Malicious Damage Conviction Overturned

In an unpublished opinion the Appeals court on June 8, 2010 struck down a conviction of Malicious destruction of property over $250 in COMMONWEALTH vs. ROSALIE A. PIMENTEL 09-P-557 MEMORANDUM AND ORDER PURSUANT TO RULE 1:28

In deciding the case the court stated “The Commonwealth concedes that it failed to introduce evidence at trial of the windows’ replacement cost. Accordingly, the evidence was insufficient, and the defendant’s conviction must be reduced to malicious destruction of property under $250. See Commonwealth v. Kirker,441 Mass. 226, 229 (2004). It does not follow, however, that restitution must be similarly capped at $250.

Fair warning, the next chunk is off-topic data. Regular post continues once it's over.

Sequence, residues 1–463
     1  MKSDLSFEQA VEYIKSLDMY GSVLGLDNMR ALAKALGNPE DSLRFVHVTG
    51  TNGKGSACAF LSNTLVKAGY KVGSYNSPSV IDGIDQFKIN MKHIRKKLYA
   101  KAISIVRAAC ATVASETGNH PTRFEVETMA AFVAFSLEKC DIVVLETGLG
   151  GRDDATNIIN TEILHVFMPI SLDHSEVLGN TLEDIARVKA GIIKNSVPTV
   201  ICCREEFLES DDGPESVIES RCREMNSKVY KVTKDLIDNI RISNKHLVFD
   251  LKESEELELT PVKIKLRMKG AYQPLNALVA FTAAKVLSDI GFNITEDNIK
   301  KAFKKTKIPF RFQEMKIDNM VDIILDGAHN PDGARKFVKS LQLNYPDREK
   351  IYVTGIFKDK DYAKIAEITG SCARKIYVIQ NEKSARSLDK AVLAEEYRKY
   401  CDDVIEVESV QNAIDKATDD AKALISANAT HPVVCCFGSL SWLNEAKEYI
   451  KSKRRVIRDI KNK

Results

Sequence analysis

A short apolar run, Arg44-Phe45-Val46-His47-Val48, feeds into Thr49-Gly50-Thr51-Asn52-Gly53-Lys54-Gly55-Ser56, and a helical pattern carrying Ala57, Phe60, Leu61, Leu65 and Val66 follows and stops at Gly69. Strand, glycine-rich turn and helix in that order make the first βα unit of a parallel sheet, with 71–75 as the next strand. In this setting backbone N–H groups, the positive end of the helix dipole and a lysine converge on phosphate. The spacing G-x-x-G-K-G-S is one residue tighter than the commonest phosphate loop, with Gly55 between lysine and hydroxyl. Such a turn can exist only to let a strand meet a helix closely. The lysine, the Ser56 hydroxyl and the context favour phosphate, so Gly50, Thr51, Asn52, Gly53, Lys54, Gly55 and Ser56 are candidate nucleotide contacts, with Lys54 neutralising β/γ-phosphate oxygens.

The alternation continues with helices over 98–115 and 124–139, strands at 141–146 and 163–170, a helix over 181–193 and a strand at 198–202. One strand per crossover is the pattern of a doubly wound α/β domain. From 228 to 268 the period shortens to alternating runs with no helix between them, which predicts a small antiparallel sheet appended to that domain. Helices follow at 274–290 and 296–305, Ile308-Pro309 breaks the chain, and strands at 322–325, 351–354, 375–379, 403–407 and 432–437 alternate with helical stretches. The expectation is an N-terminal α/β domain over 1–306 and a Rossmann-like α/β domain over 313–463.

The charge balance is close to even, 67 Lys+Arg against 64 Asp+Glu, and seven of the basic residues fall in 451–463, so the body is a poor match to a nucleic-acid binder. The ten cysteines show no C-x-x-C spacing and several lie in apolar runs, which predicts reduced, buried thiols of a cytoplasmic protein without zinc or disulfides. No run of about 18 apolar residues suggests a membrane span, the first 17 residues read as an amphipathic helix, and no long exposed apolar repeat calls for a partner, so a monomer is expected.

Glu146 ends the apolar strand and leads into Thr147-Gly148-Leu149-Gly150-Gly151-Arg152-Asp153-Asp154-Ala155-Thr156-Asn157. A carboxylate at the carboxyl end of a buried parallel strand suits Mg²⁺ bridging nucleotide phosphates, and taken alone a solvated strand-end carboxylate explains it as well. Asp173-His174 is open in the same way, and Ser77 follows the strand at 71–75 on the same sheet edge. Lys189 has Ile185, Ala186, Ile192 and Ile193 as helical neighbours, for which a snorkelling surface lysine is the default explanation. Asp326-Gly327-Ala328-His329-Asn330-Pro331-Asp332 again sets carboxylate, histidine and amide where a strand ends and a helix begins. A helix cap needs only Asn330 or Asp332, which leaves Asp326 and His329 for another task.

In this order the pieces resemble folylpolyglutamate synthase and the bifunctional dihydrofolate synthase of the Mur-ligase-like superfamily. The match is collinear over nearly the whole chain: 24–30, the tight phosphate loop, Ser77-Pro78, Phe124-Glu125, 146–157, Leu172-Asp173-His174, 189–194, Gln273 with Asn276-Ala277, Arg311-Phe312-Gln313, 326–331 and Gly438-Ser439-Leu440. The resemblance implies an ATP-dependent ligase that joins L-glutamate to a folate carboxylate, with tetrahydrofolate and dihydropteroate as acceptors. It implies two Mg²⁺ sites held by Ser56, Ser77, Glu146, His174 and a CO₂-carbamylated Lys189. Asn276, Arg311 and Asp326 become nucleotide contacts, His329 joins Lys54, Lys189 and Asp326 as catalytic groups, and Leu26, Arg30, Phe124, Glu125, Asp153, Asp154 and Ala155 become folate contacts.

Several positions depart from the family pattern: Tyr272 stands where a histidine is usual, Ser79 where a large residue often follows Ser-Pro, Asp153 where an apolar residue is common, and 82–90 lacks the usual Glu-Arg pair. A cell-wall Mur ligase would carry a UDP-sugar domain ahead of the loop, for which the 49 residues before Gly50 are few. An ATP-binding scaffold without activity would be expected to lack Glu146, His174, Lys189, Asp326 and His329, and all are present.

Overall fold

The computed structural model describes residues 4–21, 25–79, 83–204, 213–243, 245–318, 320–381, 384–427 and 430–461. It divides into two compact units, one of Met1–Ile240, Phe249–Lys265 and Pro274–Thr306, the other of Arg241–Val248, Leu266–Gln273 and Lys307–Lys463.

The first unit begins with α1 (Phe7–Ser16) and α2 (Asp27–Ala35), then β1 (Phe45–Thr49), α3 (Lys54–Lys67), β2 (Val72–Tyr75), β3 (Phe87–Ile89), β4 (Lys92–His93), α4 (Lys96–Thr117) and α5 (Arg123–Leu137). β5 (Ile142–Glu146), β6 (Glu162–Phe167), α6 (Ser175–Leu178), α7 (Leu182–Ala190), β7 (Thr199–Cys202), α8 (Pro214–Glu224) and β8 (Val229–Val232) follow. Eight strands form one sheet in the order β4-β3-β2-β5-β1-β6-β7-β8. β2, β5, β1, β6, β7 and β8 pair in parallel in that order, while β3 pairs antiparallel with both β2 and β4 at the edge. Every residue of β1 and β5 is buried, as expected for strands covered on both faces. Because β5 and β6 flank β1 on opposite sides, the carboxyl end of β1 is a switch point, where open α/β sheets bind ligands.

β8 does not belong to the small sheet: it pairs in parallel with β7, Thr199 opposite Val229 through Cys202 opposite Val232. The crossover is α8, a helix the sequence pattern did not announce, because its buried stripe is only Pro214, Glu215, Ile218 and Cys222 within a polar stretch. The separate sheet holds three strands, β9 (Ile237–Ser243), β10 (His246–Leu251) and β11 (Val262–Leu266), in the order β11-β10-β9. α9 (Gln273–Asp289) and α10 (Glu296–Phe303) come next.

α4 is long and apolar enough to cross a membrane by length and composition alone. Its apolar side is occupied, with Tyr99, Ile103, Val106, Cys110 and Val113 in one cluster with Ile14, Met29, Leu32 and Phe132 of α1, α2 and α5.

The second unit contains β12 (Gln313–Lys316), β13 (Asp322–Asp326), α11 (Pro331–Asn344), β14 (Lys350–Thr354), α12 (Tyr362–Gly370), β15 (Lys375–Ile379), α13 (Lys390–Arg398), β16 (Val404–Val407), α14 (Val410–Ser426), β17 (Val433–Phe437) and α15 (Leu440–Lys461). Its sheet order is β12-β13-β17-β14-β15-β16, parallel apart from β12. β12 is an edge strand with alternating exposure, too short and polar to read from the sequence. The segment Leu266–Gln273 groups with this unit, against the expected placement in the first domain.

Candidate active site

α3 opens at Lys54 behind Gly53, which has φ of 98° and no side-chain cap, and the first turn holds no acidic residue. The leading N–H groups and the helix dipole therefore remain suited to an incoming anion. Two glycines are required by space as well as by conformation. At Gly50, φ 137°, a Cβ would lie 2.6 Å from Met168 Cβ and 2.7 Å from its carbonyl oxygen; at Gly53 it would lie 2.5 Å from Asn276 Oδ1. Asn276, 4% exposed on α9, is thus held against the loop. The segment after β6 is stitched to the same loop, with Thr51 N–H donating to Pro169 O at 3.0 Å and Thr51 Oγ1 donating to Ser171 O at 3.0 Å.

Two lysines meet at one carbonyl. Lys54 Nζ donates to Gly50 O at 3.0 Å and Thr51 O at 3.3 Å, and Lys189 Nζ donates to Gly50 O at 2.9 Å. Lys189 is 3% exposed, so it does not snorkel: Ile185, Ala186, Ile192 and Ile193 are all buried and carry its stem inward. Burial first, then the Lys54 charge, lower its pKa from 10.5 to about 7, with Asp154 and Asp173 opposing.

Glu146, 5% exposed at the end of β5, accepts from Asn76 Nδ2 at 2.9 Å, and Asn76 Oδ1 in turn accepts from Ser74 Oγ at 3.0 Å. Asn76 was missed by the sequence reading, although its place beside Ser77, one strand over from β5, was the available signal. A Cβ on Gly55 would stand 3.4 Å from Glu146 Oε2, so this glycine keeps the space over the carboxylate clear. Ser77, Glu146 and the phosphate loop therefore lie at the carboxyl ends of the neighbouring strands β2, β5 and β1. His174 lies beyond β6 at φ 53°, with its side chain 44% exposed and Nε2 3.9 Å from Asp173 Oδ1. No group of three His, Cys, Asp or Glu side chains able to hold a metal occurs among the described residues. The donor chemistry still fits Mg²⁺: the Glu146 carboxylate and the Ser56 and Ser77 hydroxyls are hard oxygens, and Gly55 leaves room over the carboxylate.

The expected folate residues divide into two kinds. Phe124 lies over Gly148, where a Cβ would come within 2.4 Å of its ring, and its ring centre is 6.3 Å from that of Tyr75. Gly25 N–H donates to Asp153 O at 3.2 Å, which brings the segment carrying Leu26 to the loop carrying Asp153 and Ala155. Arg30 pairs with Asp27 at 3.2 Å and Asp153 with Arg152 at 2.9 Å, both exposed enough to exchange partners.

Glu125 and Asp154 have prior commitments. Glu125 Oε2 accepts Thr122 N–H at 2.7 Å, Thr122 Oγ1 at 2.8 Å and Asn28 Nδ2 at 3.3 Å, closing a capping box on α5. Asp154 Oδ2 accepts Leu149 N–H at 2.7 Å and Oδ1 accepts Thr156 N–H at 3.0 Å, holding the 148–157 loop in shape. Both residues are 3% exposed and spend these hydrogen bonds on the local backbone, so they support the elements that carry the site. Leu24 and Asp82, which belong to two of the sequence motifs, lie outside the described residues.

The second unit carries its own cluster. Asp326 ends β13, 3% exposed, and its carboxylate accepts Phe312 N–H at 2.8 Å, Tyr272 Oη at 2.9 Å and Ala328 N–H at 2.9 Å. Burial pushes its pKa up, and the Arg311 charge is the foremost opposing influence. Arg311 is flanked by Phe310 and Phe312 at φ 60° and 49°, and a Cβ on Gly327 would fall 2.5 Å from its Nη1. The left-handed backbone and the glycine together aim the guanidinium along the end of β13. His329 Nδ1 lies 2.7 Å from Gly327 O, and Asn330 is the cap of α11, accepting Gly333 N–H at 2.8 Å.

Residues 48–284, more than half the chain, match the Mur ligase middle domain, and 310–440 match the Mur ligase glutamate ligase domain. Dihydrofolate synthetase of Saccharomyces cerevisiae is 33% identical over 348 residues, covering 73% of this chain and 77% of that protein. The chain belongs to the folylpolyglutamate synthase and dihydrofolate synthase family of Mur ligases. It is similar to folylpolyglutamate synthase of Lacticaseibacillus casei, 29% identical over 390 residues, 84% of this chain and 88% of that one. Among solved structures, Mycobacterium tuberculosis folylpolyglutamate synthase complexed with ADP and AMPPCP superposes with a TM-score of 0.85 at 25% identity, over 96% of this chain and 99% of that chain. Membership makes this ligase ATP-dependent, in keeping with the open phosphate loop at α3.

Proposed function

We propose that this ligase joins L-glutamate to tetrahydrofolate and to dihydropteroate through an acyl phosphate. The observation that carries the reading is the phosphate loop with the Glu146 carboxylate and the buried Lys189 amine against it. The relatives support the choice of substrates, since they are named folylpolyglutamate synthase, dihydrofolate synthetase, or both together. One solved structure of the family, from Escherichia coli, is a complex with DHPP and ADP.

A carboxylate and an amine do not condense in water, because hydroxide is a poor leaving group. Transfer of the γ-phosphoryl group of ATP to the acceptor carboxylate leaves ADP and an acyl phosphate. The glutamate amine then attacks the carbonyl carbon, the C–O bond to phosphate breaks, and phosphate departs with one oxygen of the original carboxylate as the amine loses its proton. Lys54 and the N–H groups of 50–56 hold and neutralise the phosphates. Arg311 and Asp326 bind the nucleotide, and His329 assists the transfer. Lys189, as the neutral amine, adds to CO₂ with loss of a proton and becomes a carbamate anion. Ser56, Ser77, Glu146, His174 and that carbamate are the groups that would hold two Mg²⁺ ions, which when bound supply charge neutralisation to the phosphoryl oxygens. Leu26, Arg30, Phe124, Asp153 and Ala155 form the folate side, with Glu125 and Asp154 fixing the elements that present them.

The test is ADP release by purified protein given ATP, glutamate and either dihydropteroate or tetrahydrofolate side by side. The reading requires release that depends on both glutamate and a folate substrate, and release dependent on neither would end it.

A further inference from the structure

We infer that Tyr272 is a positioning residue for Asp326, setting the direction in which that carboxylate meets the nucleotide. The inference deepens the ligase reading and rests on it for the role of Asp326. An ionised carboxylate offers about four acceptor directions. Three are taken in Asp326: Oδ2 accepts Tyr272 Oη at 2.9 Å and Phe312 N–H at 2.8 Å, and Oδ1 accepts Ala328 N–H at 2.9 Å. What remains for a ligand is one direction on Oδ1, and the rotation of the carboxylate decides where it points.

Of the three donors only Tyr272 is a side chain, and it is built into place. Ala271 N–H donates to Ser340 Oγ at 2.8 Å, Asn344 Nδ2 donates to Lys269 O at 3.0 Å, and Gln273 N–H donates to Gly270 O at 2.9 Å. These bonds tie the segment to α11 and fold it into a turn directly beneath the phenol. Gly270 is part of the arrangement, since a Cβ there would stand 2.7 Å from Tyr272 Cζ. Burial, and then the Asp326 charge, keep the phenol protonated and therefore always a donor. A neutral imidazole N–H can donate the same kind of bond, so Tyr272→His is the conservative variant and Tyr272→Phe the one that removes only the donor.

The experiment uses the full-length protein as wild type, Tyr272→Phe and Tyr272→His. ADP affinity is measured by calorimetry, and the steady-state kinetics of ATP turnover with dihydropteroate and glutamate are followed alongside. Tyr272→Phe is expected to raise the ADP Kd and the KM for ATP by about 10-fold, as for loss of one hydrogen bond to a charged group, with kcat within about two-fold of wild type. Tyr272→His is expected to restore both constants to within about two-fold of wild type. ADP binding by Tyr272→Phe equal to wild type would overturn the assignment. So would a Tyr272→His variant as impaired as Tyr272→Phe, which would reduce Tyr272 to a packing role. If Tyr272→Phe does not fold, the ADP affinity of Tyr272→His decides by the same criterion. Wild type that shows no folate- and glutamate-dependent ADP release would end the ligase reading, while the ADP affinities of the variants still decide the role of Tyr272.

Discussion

Following a criminal conviction, restitution may be imposed for ‘economic losses caused by the defendant’s conduct and documented by the victim.’Commonwealth v. McIntyre, 436 Mass. 829, 834 (2002). The procedure must be ‘fair and reasonable,’ and the defendant ‘must have an opportunity to be heard and to cross-examine witnesses.’ Ibid., citing Commonwealth v. Nawn, 394 Mass. 1, 6-7 (1985). In determining appropriate restitution, ‘we look to the underlying facts of the charged offense, not the name of the crime [of which the defendant was convicted, or] to which the defendant entered a plea.’ Commonwealth v. McIntyre, supra at 835 (citation omitted). The Commonwealth bears the burden of ‘proving the amount of the loss by a preponderance of the evidence.’ See id. at 834. We review the trial judge’s assessment of restitution for an abuse of discretion or other error of law. See id. at 836. We discern neither in the restitution ordered here. In Commonwealth v. McIntyre, the defendant was convicted of assault and battery by means of a dangerous weapon. Id. at 831. Although his convictions were not based on the destruction of property, there was ‘no question that the damage to the victim’s car occurred during the course of an ongoing assault.’ Id. at 836. Because there was a ‘causal relationship between the criminal episode and the damage to the vehicle . . . the judge properly awarded restitution to cover the repairs.’ Ibid. Here, it is clear that the broken windows and smashed windshield likewise resulted ‘from the crime[s] of which the defendant was convicted.’ Ibid. There is no dispute that the defendant ‘was afforded a hearing and was able to cross-examine the witnesses against [her].’ Ibid.Thus, the only issue is whether the evidence before the judge as to repair costs was sufficient.